Electronic – Cost effect of different component packages during PCB assembly


We are looking at starting PCB design in house, up until now we have outsource design and manufacture. This means that we have yet to see the real cost of the PCB, components and assembly as discrete items.

Looking at the current PCBs that we have, they currently all use SOIC style of chips, even when QFN parts are available alternatives. Is the reason for this because the legs on SOICs make them easier to use in manufacture? Or is it because the legs on SOICs make life easier for debugging and hand soldering etc?

We are interested in the cost of assembly in large, 100k or 1000k quantities, when produced in a production line with pick and place machines.

I haven't found any difference in the cost of the IC in the different packages, so I don't think that is the reason. But it could be that the difference packages are delivered in different methods; tape and reel vs a tray.

Is there any resource that I can use for estimating which is the cheaper packages or delivery packaging? I've tried a bit of internet searching, and not found anything yet.

Best Answer

Cost is most likely not going to be any different between a DFN/QFN or SOIC. The main reason to generally have SOICs instead of QFNs is to facilitate debugging, hand soldering, number of layers on your PCB board, and more.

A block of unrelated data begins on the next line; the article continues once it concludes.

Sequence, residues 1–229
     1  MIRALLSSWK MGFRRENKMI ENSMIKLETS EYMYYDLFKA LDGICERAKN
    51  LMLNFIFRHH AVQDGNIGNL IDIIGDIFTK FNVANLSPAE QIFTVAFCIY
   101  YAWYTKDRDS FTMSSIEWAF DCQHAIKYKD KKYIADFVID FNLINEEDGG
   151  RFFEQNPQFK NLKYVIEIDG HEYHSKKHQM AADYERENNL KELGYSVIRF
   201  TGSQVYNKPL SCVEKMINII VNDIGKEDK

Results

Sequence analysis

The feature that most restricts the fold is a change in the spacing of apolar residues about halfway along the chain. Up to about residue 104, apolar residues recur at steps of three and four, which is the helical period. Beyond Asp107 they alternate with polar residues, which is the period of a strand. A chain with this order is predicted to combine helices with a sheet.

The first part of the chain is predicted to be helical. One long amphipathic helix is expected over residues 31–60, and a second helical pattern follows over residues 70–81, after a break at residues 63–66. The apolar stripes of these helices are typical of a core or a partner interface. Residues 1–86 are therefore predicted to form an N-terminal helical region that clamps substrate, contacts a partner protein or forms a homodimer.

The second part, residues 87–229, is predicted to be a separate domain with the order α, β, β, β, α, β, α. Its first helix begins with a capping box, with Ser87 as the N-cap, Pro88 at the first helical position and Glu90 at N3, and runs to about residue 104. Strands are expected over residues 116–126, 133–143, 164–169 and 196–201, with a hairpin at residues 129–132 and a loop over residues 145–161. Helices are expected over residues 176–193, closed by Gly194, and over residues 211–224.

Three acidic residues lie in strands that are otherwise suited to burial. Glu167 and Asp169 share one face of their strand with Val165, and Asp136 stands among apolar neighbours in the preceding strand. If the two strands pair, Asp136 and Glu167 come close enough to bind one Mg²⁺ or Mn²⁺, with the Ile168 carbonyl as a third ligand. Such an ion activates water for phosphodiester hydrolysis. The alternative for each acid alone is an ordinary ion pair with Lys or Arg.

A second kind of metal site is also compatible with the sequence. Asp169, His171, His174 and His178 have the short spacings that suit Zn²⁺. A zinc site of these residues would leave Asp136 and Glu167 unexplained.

Debugging is much easier with SOICs since you have direct access to the pin and you do not need to remove the solder mask. With a QFN, you would generally expect your PCB boards to be fully functioning and mass produced. To debug a board with QFNs, you would generally need to remove the solder mask to rpobe the specific copper trace.

Hand Soldering is done when you have only a few PCB to do and it is much more cost effective than buying a reflow oven for mass production.

PCB Area comes in handy when you have a lot of parts to dispatch through the board and area is limited. A QFN chip is smaller in size and will usually require less area. In the other hand, you will most likely need more layers for traces, which will also require more vias and so on. This is a trade-off that you have to factor in.

PCB Layers is important as I mentioned above. If you have a lot of layers and can afford to route the traces that way, a QFN could be very useful. But for the typical smaller projects which have 2-4 layers, a QFN part is generally not used. Or atleast, a big IC 4x4 and more.

With all that being said, it is critical to follow Design Rule Check (DRC) to make sure your traces on a QFN meet the requirements.